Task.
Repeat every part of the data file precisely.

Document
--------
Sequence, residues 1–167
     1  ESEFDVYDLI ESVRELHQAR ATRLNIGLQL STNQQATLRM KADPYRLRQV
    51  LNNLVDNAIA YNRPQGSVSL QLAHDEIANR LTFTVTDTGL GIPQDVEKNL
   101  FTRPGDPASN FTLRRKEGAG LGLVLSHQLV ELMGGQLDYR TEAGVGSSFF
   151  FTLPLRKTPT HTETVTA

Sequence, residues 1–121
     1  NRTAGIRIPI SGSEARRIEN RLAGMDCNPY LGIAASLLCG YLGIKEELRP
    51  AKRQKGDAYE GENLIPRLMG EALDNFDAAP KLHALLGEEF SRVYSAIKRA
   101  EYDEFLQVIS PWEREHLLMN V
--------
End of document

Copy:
Sequence, residues 1–167
     1  ESEFDVYDLI ESVRELHQAR ATRLNIGLQL STNQQATLRM KADPYRLRQV
    51  LNNLVDNAIA YNRPQGSVSL QLAHDEIANR LTFTVTDTGL GIPQDVEKNL
   101  FTRPGDPASN FTLRRKEGAG LGLVLSHQLV ELMGGQLDYR TEAGVGSSFF
   151  FTLPLRKTPT HTETVTA

Sequence, residues 1–121
     1  NRTAGIRIPI SGSEARRIEN RLAGMDCNPY LGIAASLLCG YLGIKEELRP
    51  AKRQKGDAYE GENLIPRLMG EALDNFDAAP KLHALLGEEF SRVYSAIKRA
   101  EYDEFLQVIS PWEREHLLMN V